Superman should have kept his underwear on.
Despite his status as the oldest, most iconic comic book character, few seem to be able to do Superman justice when it comes to the big screen. Internet buzz among the DC fan base revealed a high level of anticipation for Man of Steel (2013). It had disaster written all over it before the project even started. It would seem obvious to anyone except film executives: co-writer and producer Christopher Nolan has a reputation for excruciatingly complicated narrative, which promised to be a case of oil meets water for a very simple, very old, and very well-known story. This was the first bad sign. The second, even more predictable omen of failure was in the choice of hack directorZack Snyder. His one-dimensional 300 (2007) was a new, crude lesson in soulless, video game stylized juvenilia. Sucker Punch (2011) actually strove to be even worse and, incredibly enough, succeeded.
There have been only two solid cinematic treatments of this solemn American myth: Superman And The Mole Men (1951) and Superman II (1980). Superman and the Mole Men depicted Superman in exactly the way he is supposed to be, as envisioned by Jerry Siegel and Joe Shuster. He’s a barrel-chested, steadfast believer and proponent of Truth, Justice and the American Way even in the face of social bigotries. (Though he had a lighter side, too; Superman was probably at his zaniest, funniest and most surreal in Jack Kirby’s spinoff “Superman’s Pal: Jimmy Olsen”). It works, despite the film’s being undeniably dated, and despite the threadbare budget which resulted in clunky makeup and special effects (such as a souped up vacuum cleaner subbing for a ray gun). It is in Superman’s very first feature film that the filmmakers (a ragtag team of assignment types, including director Lee Shalom, who went onto work in television) captured the rudimentary essence of a decidedly unpretentious character. Preceding the Man of Steel’s first feature were the art deco Fleischer Brothers animated shorts (1941-1943), the noirishradio show “The Adventures of Superman” (1940-1951, starring Bud Collyer as the voice of Superman) and two 1950 theatrical serials, Superman (1948) and Atom Man vs. Superman (both starring Kirk Alyn). All of these productions were true in spirit to the original “Superman magazine.”
The first season of the televisions series “The Adventures of Superman” (1953-1958) continued the edgy noir flavor of the radio show from which it took its name. Like Superman and the Mole Men, the series starred George Reeves as the quintessential Clark Kent and Phyllis Coates as the equally quintessential, feisty Lois Lane. Possessing virtuous fire, Coates’ Lane still has not been surpassed. Unfortunately, the show’s producers, believing virtuousness was not compatible with fire, decided the way to make the show more “kid friendly” was to replace Coates with the hopelessly “Leave it to Beaver”-styled virgin Noel Neill. That wasn’t the only change. While the second season did have a few good episodes, the saccharine quickly began to set in. The series, low budget to begin with, dissipated into embarrassing Ed Wood territory in budget, writing and acting. Mercifully, it came to an end, albeit through the tragedy of Reeves’ suicide.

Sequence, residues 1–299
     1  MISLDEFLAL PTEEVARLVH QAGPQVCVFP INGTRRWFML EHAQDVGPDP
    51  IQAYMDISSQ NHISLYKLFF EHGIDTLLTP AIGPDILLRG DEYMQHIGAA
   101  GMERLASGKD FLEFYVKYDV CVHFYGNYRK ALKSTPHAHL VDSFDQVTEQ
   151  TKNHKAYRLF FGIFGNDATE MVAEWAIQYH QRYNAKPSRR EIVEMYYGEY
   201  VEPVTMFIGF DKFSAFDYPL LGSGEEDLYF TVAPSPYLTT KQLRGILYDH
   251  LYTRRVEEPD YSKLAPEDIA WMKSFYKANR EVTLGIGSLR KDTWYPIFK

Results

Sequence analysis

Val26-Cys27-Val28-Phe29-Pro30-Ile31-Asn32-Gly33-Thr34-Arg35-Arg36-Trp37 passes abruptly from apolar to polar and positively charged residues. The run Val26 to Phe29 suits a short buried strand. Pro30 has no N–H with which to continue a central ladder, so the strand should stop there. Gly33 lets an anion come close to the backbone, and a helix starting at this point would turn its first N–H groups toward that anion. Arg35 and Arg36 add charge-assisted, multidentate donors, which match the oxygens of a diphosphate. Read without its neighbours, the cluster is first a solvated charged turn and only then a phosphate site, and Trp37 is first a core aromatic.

The next screen incarnation came with the mega hit Superman (1978) starring Christopher Reeve and Margot Kidder. It was, by and large, a bloated, unimaginative affair, although it did have fleeting moments of charm. Superman II was far better for having bypassed the redundant origin narrative. Superman II has a host of great villains (Terence Stamp as Zod, the underrated Sarah Douglas as Ursa, and Gene Hackman as Lex Luthor). Clark Kent, stripped of his powers for the sake of love (the priestly Superman must remain celibate, of course), is far more than a bumbling oaf, and succeeds in winning our empathy in his fight to regain what he has lost.
Superman III (1983) is easily the worst screen version of the character to date, and the fatigued Superman IV (1987) was only marginally better. It was up to television to return Superman to his luster, and by most accounts this it did in “Lois and Clark” (1993-1997). A number of critics wrote that Dean Cain and Terry Hatcher did a convincing job of channeling George Reeves and Phyllis Coates, even if the series also carried a residue of camp.
“Superman: The Animated Series”(1996-2000) was a fan and critical favorite, with some some comparing it favorable to the Fleischer series.
“Smallville” (2001-2011) was certainly popular enough, though it received mixed reviews through its run.
Superman Returns (2006) was considered a box office failure (although it did substantially better than what is often claimed on the Internet). Critics had no such qualms, giving it mostly favorable reviews. Director Bryan Singer’s conscientious sequel to Superman II was alternately praised and criticized for the reverential homage he paid the 1978 film.Barely out of adolescence star Brandon Routh gave a performance that imitated the late Christopher Reeve, but couldn’t hide the obvious fact that he was more Superboy than Superman. Unfortunately, Lois Lane was reduced to being a mere baby mama, which was a grave misstep. The same year produced a smaller scale Superman of a very different sort: Allen Coulter’s flawed, but atmospheric Hollywoodland (2006) tells the dreary story of TV Superman George Reeves and his suicide. It’s fashioned as a whodunit with multiple scenarios and aptly features seedy characters who could easily have been lifted from the original series’ quota of gangster type villains. A number of critics complained that the behind the television series’ vignettes worked better than the mystery. However, the glimpses into Reeves’ private and screen life work better as is: in brief.